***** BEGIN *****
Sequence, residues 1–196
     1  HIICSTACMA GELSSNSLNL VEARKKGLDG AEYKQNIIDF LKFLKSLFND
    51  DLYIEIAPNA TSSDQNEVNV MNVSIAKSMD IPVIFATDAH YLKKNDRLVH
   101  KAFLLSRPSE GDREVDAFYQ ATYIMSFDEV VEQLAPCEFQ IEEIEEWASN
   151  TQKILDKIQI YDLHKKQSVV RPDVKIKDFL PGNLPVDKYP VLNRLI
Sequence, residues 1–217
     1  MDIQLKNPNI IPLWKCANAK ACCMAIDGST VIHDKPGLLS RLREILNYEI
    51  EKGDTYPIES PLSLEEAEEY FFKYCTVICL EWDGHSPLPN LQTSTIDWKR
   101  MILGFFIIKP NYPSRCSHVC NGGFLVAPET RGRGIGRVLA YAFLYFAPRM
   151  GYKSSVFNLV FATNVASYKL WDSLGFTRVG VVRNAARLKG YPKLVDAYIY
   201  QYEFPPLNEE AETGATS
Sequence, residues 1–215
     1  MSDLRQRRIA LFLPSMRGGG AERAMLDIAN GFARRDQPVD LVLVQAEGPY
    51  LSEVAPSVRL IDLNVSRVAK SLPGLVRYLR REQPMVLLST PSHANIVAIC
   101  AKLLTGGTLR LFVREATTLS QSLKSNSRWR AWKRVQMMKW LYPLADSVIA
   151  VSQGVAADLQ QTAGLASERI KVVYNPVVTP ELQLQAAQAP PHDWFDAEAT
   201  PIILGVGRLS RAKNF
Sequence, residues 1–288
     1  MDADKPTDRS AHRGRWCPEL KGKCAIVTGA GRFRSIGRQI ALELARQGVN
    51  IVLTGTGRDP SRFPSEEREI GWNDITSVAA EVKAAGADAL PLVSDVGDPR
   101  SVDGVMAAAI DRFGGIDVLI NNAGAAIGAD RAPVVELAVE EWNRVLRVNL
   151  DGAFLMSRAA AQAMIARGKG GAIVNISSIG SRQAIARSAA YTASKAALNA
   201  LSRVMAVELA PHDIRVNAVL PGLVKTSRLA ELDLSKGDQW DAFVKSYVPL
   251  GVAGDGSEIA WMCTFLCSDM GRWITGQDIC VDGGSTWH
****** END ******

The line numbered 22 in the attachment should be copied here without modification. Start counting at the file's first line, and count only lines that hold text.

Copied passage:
   151  DGAFLMSRAA AQAMIARGKG GAIVNISSIG SRQAIARSAA YTASKAALNA